After getting my server environment set up I needed to come up with a plan for getting the code off of my live site and on my development box. In addition, I want to be able to track the changes I make so I know what needs to be uploaded back to the server, and so I can feel free to experiment without worrying about keeping track of every little thing I change. That of course means I need a version control system. The most common version control system in open source projects these days is git, and that’s what I’ve decided to use.
When I listed my requirements in Part 1 there were a few that are probably a little unusual. Given the small size and low traffic of my site I will in all likelihood continue to make the occasional change to the live server directly. I also plan on keeping WordPress’s auto-update feature on, so the server will be updating itself from time to time.
The most unusual however is that my shared hosting provider doesn’t allow git to be installed on its shared hosting plans. Usually the way a git workflow would go is that I would create a git repository on the server. Locally I would clone that repository, and when it was time to update the server I would execute the ‘git push’ command to push the changes. There aren’t any good ways to get around this shortcoming of my hosting plan.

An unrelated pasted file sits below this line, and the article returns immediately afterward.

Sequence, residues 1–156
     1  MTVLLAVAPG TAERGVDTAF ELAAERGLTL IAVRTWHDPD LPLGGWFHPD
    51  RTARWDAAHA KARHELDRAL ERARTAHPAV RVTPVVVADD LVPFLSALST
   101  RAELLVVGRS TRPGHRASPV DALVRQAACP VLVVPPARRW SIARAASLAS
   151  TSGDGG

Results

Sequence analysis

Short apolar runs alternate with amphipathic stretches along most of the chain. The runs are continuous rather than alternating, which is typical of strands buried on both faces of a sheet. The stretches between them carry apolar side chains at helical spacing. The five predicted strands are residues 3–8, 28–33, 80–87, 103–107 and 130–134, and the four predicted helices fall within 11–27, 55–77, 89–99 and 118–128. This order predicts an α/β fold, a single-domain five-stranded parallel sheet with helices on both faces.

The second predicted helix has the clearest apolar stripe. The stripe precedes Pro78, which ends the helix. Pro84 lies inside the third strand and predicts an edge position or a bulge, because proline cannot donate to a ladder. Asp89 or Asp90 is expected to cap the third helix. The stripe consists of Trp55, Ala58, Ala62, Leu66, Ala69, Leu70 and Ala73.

With no git on the server, I instead decided to use SFTP , the secure version of the file transfer protocol. As a SFTP client I’m using the program Beyond Compare 3, which I already owned. Unfortunately it is a bit pricey at $50 (only the Pro version has SFTP support). Another good alternative is the completely free WinSCP. The interface isn’t as slick and you might have to jump through a few more hoops to do certain things but it is a great program overall.
I also needed to develop a workflow for how I will use git once I have the code on my local box. I spent a lot of time messing around with git and reading the online git book. What I finally came up with was can be seen in the following diagram.
I’m going to assume you’re either familiar with git or have done some heavy reading in the book as well.
The Master Branch
This is the default branch that git creates when you first commit files, and if you don’t commit anything it won’t create it, so I just added a .gitignore file. This branch is intended to always reflect the state of the live site, with the only additions being any code about to be uploaded to the live site.
$ git init # create a .gitignore to hide files from git # for WordPress and Eclipse IDE added these lines: #.buildpath (eclipse) #.project (eclipse) #.settings/ (eclipse) #wp-config.php (WP) #wp-config.php.bak (WP) #.htaccess (Apache) #.htaccess.original (Apache) #*.log (WP) #error_log (WP) $ git add . $ git commit -m 'added a .gitignore file'